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When you sell or exchange your mutual fund shares, or if they are redeemed (a redemption), you will generally have a taxable gain or a deductible loss.

Per IRS Instructions for Form 8949 Sales and Other Dispositions of Capital Assets, on page 6:

Average basis. You can use the average basis method to determine the basis of shares of stock if the shares are identical to each other, you acquired them at different prices and left them in an account with a custodian or agent, and either:

  • They are shares in a mutual fund (or other regulated investment company);
  • They are shares you hold in connection with a dividend reinvestment plan (DRP), and all the shares you hold in connection with the DRP are treated as covered securities (defined below); or
  • You acquired them after 2011 in connection with a DRP.

Shares are identical if they have the same CUSIP number, except that shares of stock in a DRP aren't identical to shares of stock that aren't in a DRP, even if they have the same CUSIP number. (CUSIP numbers are security identification numbers.)

If you are using the average basis method and received a Form 1099-B (or substitute statement) that shows an incorrect basis, enter “B” in column (f), enter the basis shown on Form 1099-B (or substitute statement) in column (e), and see How To Complete Form 8949, Columns (f) and (g), later. For details on making the election and figuring average basis, see section 1012, Pub. 550, and Regulations section 1.1012-1(e). 

Additional Information

Per IRS Publication 550 Investment Income and Expenses (Including Capital Gains and Losses), on page 44:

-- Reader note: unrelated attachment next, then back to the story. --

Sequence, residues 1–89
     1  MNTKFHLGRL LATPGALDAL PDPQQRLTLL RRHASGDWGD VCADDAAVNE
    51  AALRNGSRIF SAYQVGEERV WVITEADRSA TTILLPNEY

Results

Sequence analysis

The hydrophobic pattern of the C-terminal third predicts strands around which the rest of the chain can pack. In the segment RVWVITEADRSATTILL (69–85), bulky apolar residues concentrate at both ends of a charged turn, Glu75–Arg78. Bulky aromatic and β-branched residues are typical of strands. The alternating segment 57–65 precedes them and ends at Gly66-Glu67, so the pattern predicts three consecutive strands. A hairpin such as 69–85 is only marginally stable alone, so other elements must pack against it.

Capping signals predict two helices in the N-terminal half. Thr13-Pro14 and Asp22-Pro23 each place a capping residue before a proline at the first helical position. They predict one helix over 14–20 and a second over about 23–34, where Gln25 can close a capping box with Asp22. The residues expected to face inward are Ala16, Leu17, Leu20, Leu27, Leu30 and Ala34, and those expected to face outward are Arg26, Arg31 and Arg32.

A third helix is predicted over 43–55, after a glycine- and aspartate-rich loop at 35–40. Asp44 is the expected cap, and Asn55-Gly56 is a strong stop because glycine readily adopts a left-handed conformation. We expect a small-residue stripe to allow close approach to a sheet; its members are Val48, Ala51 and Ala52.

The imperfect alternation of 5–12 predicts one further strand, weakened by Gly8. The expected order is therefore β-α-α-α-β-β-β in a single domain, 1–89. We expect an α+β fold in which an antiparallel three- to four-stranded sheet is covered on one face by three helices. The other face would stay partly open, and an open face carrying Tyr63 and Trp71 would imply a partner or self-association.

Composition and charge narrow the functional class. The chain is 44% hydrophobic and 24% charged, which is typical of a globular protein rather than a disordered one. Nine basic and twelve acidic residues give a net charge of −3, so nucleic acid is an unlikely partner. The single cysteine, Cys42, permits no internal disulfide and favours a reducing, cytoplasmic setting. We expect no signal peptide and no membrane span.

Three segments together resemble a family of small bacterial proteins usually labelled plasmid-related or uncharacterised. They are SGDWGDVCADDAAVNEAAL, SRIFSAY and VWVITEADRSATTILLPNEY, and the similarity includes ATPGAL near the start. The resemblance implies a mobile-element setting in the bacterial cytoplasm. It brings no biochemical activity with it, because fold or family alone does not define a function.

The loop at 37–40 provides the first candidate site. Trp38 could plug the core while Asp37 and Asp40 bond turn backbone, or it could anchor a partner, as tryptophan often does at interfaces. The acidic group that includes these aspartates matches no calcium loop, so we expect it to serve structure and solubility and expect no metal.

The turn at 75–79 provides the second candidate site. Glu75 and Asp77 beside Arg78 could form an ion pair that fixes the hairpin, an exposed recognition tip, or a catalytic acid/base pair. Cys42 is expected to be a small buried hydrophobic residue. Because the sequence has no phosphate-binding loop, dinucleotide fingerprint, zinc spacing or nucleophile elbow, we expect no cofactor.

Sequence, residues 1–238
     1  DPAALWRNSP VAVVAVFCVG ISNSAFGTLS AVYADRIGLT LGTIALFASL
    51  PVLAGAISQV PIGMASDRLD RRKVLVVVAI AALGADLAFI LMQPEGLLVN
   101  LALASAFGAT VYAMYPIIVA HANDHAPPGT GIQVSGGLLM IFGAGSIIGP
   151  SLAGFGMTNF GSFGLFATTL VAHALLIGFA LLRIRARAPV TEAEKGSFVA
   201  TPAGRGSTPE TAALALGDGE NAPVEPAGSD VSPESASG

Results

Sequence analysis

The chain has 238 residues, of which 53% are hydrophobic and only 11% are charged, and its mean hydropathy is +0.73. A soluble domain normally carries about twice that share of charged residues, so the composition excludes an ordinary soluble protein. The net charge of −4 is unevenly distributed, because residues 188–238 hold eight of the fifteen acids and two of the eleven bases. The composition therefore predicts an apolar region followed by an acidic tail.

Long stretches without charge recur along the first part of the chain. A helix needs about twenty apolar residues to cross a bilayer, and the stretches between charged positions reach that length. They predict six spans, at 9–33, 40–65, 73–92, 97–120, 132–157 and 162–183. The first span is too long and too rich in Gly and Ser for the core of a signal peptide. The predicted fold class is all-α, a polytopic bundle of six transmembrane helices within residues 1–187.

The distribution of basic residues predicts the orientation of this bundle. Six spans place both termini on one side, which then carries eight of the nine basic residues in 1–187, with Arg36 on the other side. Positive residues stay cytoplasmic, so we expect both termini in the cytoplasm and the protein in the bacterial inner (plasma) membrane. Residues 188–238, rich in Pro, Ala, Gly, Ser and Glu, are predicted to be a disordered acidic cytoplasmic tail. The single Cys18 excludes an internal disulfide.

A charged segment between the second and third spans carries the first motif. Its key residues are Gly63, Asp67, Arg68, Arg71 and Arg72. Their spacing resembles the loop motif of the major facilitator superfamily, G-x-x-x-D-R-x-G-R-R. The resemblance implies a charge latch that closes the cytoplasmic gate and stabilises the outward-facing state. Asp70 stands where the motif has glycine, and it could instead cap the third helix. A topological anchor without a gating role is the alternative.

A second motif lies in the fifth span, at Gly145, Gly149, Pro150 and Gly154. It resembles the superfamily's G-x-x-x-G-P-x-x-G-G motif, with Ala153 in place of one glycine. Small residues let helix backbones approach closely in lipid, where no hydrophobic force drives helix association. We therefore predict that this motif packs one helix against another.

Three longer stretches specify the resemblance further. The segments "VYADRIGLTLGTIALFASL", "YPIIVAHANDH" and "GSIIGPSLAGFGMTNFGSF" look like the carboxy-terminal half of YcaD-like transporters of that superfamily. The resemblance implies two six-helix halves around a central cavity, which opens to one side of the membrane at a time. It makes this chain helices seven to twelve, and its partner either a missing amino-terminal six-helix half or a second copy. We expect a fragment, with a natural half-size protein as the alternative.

Special Rules for Mutual Funds

To figure your gain or loss when you dispose of mutual fund shares, you need to determine which shares were sold and the basis of those shares. If your shares in a mutual fund were acquired all on the same day and for the same price, figuring their basis is not difficult. However, shares are generally acquired at various times, in various quantities, and at various prices. Therefore, figuring your basis can be more difficult. You can choose to use either a cost basis or an average basis to figure your gain or loss.

Average Basis

You can use the average basis method to determine the basis of shares of stock if the shares are identical to each other, you acquired them at different times and different prices and left them in an account with a custodian or agent, and either:

  • They are shares in a mutual fund (or other regulated investment company);
  • They are shares you hold in connection with a DRP, and all the shares you hold in connection with the DRP are treated as covered securities (defined later); or
  • You acquired them after 2011 in connection with a DRP.

Average basis is determined by averaging the basis of all shares of identical stock in an account regardless of how long you have held the stock. However, shares of stock in a DRP are not identical to shares of stock with the same CUSIP number that are not in a DRP. The basis of each share of identical stock in the account is the aggregate basis of all shares of that stock in the account divided by the aggregate number of shares.

Transition rule from double-category method. You may no longer use the double-category method for figuring your average basis. If you were using the double-category method for stock you acquired before April 1, 2011, and you sell, exchange, or otherwise dispose of that stock on or after April 1, 2011, you must figure the average basis of this stock by averaging together all identical shares of stock in the account on April 1, 2011, regardless of the holding period.

Note that any link in the information above is updated each year automatically and will take you to the most recent version of the document at the time it is accessed.


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